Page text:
• There are probably as many original Obots as tea partiers. Enough for the media to turn into a movement. It’s why Obot bloggers are spazzing about tea parties. They know the media theatre makes it grow. Another reality show.

      • Yea, they’re mostly thinking, hey, that was our gimmick, how dare they steal our idea. And what’s funny is they can’t come right out and say what’s really going on for fear someone might just say, what are you talking about, that’s precisely what you people did.

        Obots in a pickle is a wondrous thing to behold. 🙂

    • It’s more than the fundraising. It’s getting the news media coverage to favor you. Over 60% of Obama’s near one billion dollar fundraised was spent on ads, most of it local. But how effective were these ads in persuading voters, compared to the impact of the news slant the same voters saw. Did OFA campaign ads skew the coverage. Or did skewing the coverage help the media with total circulation and ratings, at least in the case of BO. I’d argue more for the last.

      Take MSNBC. They made 200 million from ads in 2008, another 150 million from subscriber revenues. They made around 10 million from OFA ads in 2008. Not sure these OFA ads were convincing alot of people to vote one way or other, and at just 3% of MSNBC revenues, the OFA ads by themselves were not pushing MSNBC staff to go totally gaga for Obama. What did make the editorial board go gaga for Obama was BO’s growing potential attraction for MSNBC’s young and relatively upmarket target demographic that fed their total advertising and subscriber revenues. Of course the 10 million from OFA ads helped some, but the editorial slant for Obama was what really drove their total revenues of 350 million. And what the talking heads said probably persuaded voters more than what the ads said.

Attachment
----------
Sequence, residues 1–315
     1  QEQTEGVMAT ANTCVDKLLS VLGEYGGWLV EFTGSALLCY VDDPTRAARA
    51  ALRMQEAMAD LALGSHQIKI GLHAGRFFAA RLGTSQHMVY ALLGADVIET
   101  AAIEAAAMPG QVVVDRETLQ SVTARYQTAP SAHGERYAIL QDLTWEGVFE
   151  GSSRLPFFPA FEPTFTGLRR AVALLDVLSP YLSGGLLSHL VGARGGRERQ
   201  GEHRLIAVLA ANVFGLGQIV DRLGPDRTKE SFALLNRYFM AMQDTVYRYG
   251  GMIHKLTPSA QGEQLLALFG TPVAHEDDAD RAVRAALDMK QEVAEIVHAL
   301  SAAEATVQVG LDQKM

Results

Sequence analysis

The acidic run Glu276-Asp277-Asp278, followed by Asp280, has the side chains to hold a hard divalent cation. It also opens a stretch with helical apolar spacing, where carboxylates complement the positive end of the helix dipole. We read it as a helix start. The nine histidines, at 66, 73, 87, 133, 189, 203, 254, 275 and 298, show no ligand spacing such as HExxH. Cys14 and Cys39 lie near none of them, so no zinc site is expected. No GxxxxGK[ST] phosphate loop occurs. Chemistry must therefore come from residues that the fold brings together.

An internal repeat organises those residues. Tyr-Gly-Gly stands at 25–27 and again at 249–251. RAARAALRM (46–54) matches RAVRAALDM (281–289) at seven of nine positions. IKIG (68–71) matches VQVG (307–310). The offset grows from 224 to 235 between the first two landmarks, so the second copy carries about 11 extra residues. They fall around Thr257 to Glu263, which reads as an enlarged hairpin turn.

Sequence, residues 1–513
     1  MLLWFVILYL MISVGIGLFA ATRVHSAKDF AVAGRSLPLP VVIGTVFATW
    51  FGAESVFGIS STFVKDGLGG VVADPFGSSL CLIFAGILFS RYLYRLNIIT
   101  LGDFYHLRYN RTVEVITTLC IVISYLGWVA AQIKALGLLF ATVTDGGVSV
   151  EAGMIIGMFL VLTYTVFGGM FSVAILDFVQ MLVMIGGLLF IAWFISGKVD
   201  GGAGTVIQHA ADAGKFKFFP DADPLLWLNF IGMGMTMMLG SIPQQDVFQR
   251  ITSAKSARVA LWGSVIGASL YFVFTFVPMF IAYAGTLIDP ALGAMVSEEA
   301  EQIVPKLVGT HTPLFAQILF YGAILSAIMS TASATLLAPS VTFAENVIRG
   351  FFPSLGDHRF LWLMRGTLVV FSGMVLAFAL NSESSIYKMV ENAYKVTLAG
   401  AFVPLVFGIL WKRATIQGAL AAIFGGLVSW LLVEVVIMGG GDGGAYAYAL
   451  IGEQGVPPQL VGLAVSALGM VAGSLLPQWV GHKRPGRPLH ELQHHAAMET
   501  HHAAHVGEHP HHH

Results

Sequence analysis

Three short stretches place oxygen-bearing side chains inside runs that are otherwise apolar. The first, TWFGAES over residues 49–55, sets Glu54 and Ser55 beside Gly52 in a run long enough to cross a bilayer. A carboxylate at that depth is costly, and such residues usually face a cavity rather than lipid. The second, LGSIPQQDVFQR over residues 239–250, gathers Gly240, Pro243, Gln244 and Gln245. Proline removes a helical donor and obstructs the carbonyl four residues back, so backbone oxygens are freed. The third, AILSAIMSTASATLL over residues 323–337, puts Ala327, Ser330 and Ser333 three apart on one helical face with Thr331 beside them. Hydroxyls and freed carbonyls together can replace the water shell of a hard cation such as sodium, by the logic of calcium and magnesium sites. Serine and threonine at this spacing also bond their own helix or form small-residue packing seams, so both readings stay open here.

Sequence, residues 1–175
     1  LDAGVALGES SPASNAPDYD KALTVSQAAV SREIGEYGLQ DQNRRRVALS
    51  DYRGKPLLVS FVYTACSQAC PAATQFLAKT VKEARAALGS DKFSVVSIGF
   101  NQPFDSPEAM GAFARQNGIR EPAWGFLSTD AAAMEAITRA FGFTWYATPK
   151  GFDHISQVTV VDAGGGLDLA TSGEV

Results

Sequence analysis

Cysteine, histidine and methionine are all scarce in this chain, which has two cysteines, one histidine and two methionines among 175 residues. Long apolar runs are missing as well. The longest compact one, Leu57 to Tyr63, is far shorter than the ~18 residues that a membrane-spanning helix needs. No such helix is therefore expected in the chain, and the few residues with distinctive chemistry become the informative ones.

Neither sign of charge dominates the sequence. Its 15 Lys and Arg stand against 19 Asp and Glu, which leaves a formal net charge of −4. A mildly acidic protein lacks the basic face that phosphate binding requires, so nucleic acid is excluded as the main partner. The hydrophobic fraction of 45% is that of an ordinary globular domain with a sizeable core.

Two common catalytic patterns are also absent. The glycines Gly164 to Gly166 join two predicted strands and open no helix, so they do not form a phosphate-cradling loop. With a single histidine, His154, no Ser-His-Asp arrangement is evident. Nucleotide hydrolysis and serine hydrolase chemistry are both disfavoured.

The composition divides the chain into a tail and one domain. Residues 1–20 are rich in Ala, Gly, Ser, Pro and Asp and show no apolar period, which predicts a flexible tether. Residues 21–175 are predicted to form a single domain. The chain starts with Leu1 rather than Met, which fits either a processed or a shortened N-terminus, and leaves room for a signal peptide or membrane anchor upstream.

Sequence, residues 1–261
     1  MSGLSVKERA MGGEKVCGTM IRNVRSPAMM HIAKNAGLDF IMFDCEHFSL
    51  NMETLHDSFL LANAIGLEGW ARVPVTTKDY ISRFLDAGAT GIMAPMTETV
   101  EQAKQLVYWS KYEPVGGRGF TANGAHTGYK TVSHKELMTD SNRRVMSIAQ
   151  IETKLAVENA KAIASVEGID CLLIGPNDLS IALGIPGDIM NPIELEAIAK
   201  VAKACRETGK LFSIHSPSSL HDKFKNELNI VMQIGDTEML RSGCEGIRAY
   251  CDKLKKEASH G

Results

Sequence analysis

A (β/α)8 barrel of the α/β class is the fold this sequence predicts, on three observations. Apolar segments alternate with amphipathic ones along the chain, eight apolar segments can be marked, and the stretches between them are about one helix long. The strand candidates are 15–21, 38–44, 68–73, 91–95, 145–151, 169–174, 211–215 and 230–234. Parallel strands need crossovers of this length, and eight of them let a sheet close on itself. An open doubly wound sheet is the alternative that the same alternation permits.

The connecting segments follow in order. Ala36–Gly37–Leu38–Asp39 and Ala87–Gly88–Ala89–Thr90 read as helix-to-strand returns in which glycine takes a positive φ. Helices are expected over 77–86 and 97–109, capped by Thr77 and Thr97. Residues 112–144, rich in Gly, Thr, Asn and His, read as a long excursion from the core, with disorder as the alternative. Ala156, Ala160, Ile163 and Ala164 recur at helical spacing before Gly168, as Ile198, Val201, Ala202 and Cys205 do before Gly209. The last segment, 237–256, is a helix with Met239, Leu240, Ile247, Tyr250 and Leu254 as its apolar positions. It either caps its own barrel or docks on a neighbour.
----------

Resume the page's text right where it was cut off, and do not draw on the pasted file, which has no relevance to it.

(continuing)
It was all about money in the end, but the fundraising amounts were not the dominant part of the equation for BO’s campaign. At the national election level, with a candidate turned into an American idol star, Obama drove the business bottom line for a struggling media industry. At least for a year or two. Doubt it will work that way again, for the mid terms or future presidential elections. The fundraising warchests will play the bigger role. But both legacy parties will always be on the lookout for another potential media phenomenon to sell to our increasingly partisan news as entertainment businesses.

      • Very insightful. So the fundraising and ad money is really quid pro quo — payment to the MSM for favorable coverage. Each feeds the other of course. And I’m sure the corporatists power cabal, including the MSM, usually makes their choice early. But it’s a cozy arrangement with fundraising money going to MSM as payoff.

        • Yes, it does get a little crazy when you consider that news outlets like MSNBC were using Obama’s pull to sell everything from insurance to viagra.

      • It’s more than the fundraising. It’s getting the news media coverage to favor you.

        If you have the support of the rich and powerful masters of the corporations that own the television networks, radio stations and newspaper conglomerates, then you will be the media darling.